Trajectories, Literacies, and Schooling
Part II: Digital Learning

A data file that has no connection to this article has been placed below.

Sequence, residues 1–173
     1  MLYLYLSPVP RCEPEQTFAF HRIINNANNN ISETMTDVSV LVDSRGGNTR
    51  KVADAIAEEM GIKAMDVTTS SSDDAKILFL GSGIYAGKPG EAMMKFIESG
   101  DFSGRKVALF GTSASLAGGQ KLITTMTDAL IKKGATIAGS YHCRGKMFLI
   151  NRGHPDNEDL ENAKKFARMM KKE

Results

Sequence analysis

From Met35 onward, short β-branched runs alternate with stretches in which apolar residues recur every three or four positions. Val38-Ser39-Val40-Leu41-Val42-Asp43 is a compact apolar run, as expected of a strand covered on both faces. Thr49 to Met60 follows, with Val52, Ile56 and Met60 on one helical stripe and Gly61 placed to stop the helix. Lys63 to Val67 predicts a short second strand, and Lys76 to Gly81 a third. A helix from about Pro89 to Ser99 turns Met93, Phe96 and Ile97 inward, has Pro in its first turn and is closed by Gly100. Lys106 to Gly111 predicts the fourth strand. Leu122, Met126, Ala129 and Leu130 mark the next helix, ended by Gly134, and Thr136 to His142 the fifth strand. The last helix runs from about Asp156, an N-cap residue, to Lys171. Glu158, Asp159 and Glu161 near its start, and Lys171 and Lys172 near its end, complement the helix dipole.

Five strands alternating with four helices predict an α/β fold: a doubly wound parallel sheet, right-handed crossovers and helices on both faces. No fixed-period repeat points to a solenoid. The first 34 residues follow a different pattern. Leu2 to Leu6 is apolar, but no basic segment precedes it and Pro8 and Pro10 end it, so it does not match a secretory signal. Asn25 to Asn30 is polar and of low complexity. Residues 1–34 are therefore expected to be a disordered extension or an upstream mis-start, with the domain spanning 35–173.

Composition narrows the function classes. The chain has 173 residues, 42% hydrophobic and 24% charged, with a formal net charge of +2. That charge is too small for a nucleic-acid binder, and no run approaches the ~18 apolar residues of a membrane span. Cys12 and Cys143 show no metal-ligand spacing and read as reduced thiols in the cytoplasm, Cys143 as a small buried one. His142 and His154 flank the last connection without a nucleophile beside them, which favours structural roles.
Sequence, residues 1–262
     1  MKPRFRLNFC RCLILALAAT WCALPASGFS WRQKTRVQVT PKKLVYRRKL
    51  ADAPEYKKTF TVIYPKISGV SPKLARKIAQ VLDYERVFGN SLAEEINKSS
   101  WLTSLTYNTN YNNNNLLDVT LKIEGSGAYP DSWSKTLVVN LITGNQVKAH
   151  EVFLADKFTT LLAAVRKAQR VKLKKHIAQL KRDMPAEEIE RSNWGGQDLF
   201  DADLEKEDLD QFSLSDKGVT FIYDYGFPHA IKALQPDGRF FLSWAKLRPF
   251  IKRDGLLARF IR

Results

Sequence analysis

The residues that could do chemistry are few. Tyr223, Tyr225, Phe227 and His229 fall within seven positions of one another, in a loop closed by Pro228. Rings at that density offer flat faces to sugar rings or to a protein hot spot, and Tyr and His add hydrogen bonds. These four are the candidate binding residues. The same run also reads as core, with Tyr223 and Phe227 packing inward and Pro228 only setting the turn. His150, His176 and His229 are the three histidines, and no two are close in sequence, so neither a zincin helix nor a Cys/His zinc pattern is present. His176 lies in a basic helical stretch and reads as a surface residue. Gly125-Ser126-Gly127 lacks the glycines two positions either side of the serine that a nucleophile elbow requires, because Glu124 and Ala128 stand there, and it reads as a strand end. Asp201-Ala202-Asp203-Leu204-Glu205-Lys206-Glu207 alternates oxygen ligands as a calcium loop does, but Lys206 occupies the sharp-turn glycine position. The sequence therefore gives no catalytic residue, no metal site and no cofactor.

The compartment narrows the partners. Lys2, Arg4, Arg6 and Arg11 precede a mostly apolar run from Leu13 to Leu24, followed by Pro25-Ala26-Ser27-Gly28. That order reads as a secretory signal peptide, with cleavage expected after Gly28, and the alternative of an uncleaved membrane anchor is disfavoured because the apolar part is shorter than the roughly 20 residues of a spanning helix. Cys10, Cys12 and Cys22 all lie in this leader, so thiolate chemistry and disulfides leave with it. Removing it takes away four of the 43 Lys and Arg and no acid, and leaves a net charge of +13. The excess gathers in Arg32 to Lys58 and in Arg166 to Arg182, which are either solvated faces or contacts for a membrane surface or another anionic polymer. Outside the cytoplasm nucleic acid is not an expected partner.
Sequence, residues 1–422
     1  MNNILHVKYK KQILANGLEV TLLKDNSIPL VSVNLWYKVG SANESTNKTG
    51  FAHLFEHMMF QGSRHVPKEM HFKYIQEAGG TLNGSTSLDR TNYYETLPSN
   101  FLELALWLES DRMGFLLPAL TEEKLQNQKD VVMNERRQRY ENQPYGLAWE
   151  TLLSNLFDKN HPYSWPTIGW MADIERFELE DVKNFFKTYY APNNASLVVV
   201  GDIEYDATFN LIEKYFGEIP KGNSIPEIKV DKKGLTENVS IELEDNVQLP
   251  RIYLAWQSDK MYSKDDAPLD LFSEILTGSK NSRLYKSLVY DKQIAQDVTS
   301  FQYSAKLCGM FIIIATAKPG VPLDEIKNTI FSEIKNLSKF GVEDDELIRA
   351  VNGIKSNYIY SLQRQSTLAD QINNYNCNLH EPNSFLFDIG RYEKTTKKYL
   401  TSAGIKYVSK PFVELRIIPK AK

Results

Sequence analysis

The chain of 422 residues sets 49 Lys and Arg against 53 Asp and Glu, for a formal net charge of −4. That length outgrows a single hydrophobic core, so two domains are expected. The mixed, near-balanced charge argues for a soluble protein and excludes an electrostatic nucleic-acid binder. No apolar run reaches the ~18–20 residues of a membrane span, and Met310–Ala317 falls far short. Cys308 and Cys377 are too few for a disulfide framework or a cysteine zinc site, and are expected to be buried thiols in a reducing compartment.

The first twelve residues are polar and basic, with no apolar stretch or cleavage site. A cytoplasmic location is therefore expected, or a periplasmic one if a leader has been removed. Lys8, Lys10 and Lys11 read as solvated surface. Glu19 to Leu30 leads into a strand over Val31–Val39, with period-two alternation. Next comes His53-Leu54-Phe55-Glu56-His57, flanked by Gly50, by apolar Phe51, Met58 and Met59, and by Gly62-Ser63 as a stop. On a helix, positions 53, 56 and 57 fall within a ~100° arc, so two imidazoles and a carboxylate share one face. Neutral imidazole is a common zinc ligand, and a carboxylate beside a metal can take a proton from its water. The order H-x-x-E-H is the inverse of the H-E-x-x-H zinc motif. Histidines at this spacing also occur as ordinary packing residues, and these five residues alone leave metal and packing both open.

P a r t I I Digital Learning Erstad Final_Erstad fin 8/14/13 9:18 PM Page 77 Erstad Final_Erstad fin 8/14/13 9:18 PM Page 78 c h a p t e r f o u r Digital Competencies, Media Literacies, and School Practices The battle for the survival of man as a responsible being in the Communications Era is not to be won where the communication originates, but where it arrives. . . . The universe of Technological Communication would then be patrolled by groups of communica- tions guerrillas, who would restore a critical dimension to passive reception. The threat that “the medium is the message” could then become, for both medium and message, the return to individual re- sponsibility. (Eco, 1987, pp. 142, 144) Introduction It is amazing how the concept of digital literacy has surfaced in key policy docu- ments on national, regional, and global levels during the last decade. The term media literacy has been part of literacy and media research discourses since the 1980s, es- pecially linked to media education (Tyner, 1998). However, historically, media liter- acy and media education have been treated as marginal areas of research, and within school practices. With the introduction of digital media on a broad scale in our ed- ucation systems since the end of the 1990s, all this has changed. It became evident that what we traditionally conceived as literacy and competencies of reading and writing was not just confined to one medium, the book, but rather to a...
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